The Antiterrorism and Effective Death Penalty Act (AEDPA) governs this Court's review of petitioner's habeas claims. See 28 U.S.C. § 2254. Relief is only available under the AEDPA where the petitioner “is in custody in violation of the Constitution or laws or treaties of the United States.” 28 U.S.C. § 2254(a). Further, because the OCCA already adjudicated petitioner's claims, this Court may not grant habeas relief unless he demonstrates that the OCCA's ruling: (1) “resulted in a decision that was contrary to . . . clearly established Federal law as determined by [the] Supreme Court of the United States, ” 28 U.S.C. § 2254(d)(1);[3] (2) “resulted in a decision that . . . involved an unreasonable application of clearly established Federal law, ” id.; or (3) “resulted in a decision that was based on an unreasonable determination of the facts” in light of the record presented to the state court, id. at § 2254(d)(2).

         “To determine whether a particular decision is ‘contrary to' then-established law, a federal court must consider whether the decision ‘applies a rule that contradicts [such] law' and how the decision ‘confronts [the] set of facts' that were before the state court.” Cullen v. Pinholster, 563 U.S. 170, 182 (2011) (alterations in original) (quotations omitted). When the state court's decision “identifies the correct governing legal principle in existence at the time, a federal court must assess whether the decision ‘unreasonably applies that principle to the facts of the prisoner's case.” Id. (quotations omitted). Significantly, an “unreasonable application of” clearly established federal law under § 2254(d)(1) “must be objectively unreasonable, not merely wrong.” White v. Woodall, 134 S.Ct. 1697, 1702 (2014) (quotations omitted). “[E]ven clear error will not suffice.” Id. Likewise, under § 2254(d)(2), “a state-court factual determination is not unreasonable merely because the federal habeas court would have reached a different conclusion in the first instance.” Wood v. Allen, 558 U.S. 290, 301 (2010). The Court must presume the correctness of the OCCA's factual findings unless petitioner rebuts that presumption “by clear and convincing evidence.” 28 U.S.C. § 2254(e)(1).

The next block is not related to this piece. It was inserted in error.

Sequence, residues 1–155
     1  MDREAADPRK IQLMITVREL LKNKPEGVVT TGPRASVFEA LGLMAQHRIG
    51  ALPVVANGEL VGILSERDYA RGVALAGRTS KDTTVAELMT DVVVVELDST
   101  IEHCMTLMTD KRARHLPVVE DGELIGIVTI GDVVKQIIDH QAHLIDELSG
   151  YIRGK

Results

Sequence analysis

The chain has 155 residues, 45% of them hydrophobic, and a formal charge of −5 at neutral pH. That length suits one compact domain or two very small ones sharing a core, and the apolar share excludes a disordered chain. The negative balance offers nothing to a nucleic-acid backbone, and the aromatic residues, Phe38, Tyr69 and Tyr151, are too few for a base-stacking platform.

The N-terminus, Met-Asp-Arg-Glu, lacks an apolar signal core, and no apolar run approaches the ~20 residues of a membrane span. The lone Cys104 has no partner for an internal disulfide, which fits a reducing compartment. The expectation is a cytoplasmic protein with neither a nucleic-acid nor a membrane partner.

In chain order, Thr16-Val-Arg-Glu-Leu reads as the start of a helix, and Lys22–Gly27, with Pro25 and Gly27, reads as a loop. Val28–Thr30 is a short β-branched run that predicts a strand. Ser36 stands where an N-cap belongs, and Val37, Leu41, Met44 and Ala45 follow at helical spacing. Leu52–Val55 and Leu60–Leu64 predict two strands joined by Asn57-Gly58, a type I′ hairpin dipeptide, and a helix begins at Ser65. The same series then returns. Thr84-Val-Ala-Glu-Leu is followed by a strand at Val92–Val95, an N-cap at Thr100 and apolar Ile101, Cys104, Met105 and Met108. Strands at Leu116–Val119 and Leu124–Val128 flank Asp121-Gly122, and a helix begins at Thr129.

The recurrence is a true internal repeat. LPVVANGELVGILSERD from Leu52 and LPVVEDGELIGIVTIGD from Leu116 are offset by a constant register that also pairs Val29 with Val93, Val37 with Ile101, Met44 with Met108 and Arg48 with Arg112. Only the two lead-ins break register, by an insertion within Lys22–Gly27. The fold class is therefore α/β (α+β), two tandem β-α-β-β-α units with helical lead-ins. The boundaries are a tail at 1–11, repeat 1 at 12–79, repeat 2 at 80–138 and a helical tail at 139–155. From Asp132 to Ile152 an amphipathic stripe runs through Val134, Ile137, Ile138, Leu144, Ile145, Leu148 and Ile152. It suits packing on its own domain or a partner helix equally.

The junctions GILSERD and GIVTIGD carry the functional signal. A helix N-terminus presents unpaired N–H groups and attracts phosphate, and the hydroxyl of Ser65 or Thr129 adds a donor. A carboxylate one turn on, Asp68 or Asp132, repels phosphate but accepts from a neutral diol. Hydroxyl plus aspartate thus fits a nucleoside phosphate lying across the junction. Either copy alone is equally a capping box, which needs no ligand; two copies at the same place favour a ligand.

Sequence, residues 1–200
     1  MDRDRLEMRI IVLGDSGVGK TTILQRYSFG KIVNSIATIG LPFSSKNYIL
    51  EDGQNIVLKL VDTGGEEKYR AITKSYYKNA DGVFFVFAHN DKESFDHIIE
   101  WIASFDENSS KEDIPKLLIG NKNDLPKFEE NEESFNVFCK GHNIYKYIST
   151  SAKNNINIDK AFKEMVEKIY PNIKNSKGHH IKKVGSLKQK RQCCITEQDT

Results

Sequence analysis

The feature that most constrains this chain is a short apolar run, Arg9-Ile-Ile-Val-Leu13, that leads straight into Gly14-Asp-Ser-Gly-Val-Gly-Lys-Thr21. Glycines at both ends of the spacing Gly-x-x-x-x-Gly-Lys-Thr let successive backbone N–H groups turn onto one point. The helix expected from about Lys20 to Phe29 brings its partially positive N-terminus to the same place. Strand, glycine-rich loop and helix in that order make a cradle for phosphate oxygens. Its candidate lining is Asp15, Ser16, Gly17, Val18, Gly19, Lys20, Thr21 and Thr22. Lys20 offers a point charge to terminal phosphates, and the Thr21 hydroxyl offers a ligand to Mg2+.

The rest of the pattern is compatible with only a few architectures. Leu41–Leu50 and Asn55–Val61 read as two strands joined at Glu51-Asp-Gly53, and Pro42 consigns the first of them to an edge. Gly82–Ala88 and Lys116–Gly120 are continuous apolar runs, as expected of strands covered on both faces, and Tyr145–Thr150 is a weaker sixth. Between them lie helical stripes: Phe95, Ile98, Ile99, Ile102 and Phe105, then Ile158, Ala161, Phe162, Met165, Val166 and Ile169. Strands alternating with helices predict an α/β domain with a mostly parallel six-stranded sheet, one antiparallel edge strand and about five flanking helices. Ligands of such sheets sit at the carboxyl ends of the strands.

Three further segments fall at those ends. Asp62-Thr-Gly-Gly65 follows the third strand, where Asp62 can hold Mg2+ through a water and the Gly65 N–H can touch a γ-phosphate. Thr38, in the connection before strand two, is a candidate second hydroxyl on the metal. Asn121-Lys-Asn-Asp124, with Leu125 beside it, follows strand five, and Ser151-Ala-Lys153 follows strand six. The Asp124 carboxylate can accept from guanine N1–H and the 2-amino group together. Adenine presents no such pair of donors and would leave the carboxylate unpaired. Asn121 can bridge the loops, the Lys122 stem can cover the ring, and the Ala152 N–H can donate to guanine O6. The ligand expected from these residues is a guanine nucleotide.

Essentially, the standards set forth in § 2254 are designed to be “difficult to meet, ” Harrington v. Richter, 562 U.S. 86, 102 (2011), and require federal habeas courts to give state court decisions the “benefit of the doubt.” Woodford v. Visciotti, 537 U.S. 19, 24 (2002). A state prisoner ultimately “must show that the state court's ruling ... was so lacking in justification that there was an error well understood and comprehended in existing law beyond any possibility for fairminded disagreement.” Richter, 562 U.S. at 103.

         A. Peremptory Challenges (Ground 1)

         Petitioner first argues the prosecutor systematically used the State's peremptory challenges to exclude racial minorities from the jury. (Doc. 8 at 13-14). He contends the prosecutor inappropriately challenged prospective minority jurors Dickens, De Wassom, Carranza, Martinez, and Tawil. Petitioner further argues the purported race-neutral explanations for those challenges were pretextual. As support, he cites the state court's refusal to excuse juror Williams, which would have “effectively eliminate[d] all the African-Americans” from the panel. (Id. at 14).

         Petitioner raised this argument on direct appeal as an equal protection claim under Batson v. Kentucky, 476 U.S. 79 (1986). (Doc. 12-1 at 14). “Batson held that the Fourteenth Amendment's Equal Protection Clause prohibits the prosecution's use of peremptory challenges to exclude potential jurors on the basis of their race.” Saiz v. Ortiz, 392 F.3d 1166, 1171 (10th Cir. 2004). A trial court must apply a three-step burden-shifting framework to assess a Batson challenge:

First, the trial court must determine whether the defendant has made a prima facie showing that the prosecutor exercised a peremptory challenge on the basis of race. Second, if the showing is made, the burden shifts to the prosecutor to present a race-neutral explanation for striking the juror in question. Although the prosecutor must present a comprehensible reason, the second step of this process does not demand an explanation that is persuasive, or even plausible; so long as the reason is not inherently discriminatory, it suffices. Third, the court must determine whether the defendant has carried his burden of proving purposeful discrimination. This final step involves evaluating the persuasiveness of ...